Dell plots cloud build-out; $1 billion investment this year

Dell plots cloud build-out; $1 billion investment this year

Summary: Dell outlined plans to invest $1 billion in cloud computing services this year and build data centers to deliver services.


Dell outlined plans to invest $1 billion in cloud computing services this year and build data centers to deliver services. The move comes as Dell enters a public cloud computing race. Enterprises are ready for cloud deployments and now Dell and Hewlett-Packard are making up for lost time as a public cloud option. IBM also outlined its next-generation cloud plans on Thursday.

Dell executives outlined the strategy on a conference call Wednesday. Dell's big positioning appears to be that it isn't trying to sell you a complete stack. The company argues that its gear isn't proprietary and can fit in with existing infrastructure better and keep you from being locked in.

The main thrust of Dell's cloud push revolves around data centers to be built out over the next two years. These data centers will put Dell more into the cloud game. Dell is aiming to offer computing as a service and hosting, storage as a service, platform as a service and virtual desktops as a service.


Topics: Hardware, Banking, Cloud, Data Centers, Dell, Servers, Storage, Virtualization

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  • In a few years, will be laughing about how we used to actually BUY servers

    and install and maintain them, paying thousands a month in payroll to keep them patched and running. Even funnier will be the Windows servers that people used to buy and run and how much it cost them.
    • RE: Dell plots cloud build-out; $1 billion investment this year

      @DonnieBoy <br><br>I hope within the next decade that on-the-premises computing seems silly.<br><br>Anybody know offhand what caused the shift from mainframe computing to begin with? <br><br>It's fascinating to me that as we look to centralize our computing needs we are also trying to localize our power generation. Wouldn't it be funny if in 20 years most of our electricity was generated on site with solar panels (or some other tech) and most of our computing would be done in data centers?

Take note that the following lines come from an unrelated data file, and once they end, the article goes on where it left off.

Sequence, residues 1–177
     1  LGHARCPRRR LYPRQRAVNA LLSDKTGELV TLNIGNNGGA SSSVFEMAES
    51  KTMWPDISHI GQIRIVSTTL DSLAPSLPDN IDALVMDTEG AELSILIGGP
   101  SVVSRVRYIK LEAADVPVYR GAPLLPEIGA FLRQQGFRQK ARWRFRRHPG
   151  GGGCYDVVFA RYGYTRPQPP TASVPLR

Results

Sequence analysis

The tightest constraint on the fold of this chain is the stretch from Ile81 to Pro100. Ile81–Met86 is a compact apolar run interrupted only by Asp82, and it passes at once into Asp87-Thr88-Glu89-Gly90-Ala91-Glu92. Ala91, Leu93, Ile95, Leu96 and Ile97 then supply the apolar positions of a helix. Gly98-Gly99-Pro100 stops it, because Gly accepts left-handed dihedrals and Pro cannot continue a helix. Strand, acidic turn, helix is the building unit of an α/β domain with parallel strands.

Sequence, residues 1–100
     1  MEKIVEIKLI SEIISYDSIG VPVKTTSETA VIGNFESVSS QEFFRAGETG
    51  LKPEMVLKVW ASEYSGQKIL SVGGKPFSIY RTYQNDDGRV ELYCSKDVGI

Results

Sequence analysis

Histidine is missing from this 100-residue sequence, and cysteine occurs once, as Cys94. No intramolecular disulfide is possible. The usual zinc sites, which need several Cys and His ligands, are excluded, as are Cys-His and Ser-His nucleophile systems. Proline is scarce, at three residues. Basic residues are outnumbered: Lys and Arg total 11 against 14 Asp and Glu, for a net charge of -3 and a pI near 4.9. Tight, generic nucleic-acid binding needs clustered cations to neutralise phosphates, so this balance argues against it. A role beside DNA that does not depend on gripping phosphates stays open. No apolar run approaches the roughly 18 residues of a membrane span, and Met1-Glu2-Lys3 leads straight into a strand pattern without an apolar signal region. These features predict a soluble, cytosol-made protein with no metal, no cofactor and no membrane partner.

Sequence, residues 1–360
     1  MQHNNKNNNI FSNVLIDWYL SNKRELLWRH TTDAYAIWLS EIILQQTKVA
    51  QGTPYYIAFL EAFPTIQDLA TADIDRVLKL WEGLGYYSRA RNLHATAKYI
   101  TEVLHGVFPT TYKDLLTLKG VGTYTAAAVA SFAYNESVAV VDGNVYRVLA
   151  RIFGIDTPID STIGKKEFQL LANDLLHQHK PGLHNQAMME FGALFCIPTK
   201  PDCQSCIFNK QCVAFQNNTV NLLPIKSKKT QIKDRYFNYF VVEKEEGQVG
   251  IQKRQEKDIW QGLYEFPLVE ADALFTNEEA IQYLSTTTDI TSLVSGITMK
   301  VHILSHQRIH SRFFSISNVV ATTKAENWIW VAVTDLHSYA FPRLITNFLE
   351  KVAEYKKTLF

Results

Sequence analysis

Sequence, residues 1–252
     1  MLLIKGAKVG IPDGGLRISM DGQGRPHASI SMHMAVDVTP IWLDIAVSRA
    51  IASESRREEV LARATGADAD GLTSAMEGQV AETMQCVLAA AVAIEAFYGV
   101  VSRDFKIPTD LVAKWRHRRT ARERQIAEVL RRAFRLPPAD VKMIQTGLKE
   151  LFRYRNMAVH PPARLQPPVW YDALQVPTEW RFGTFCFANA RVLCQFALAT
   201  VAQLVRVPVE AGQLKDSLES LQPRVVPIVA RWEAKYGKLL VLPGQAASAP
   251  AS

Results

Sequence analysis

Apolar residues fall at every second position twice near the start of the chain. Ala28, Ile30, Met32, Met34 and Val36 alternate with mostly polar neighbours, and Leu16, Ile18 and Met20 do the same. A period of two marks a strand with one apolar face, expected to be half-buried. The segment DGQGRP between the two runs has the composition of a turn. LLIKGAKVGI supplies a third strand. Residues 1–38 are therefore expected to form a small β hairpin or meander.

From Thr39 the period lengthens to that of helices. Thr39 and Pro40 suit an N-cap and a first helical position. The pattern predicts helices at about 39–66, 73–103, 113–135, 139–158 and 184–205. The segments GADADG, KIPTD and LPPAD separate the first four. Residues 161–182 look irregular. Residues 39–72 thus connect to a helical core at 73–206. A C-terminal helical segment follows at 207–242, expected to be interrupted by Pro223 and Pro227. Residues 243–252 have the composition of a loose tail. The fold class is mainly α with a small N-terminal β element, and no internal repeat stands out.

Rich Miles
    • RE: Dell plots cloud build-out; $1 billion investment this year

      @DonnieBoy - I hope you've posted and don't use Windows for at all.
  • Cloud...

    Certainly has the ability to streamline cost and lower TCO. It is still a fine balance of what resides in the cloud and what must remain on premise. Data compliance laws don't allow a good chunk of companies outside the US for instance to house data in a central repository... hence why the US Patriot Act must be repealed or revised to reflect the evolving needs of business. Regardless, when weighing the risk versus reward many legal and compliance teams are out trumped by CFOs and CEOs who believe the cost savings capabilities outweigh the risks.

    It's nice to see that Dell is getting in the game of hosting. If anyone thinks Windows Server is going away however is sorely wrong. Companies still want to maintain group policy local. Companies still need to print. Companies still need local file servers... companies still need a lot hence why at the end of the day the vendor who has the ability to scale both sides of the game will win (yeah sorry Donnieboy that mean Microsoft will continue to play.)

    What I find even more facinating is the role that future IT plays in this game of Cloud... no longer can an IT guy be and IT guy. He's got to be good at compliance, good at understanding the needs of the business, good at understanding complex architecture and an even better risk analysis. He has to understand how social computing works... how the business can take advantage and capitalize on other key areas of the technology.

    Factories use to create their own power. At that time there were engineers onsite whose sole responsibility was to manage generators. As you can imagine creating your own power was expensive. The grid changed that whole concept... now we have power on demand and pay as we go... this is essentially how mainstream IT is moving. The guys who are only managing a series of servers better determine what other "value" they can provide the business before its too late. They days of the $70,000 IT admin. are coming to an end. Technology may finally better equate to the revenue bottom line...
  • I think you are in denial. Windows is not needed for group policy,

    printing, or local file servers. First, all new printers connect directly to the network and do not need a local server. File servers will also be moved to the cloud, with the possibility of a local cache - a remotely managed appliance. So, sure, some companies that only have point and click admins might still have Windows, but, Linux appliances also have a point and click admin interface.
  • Let us see ...

    As the bible says in Matthew 27 - while the rest said, "Let us see whether Elijah is coming to deliver him." and in Psalm 90 - Let us see your miracles again; let our children see your glory at work. So, isn't apparent that Dell and its associates are proposing to do a cloud deal for the U.S. Business sectors needing this kind of technology...?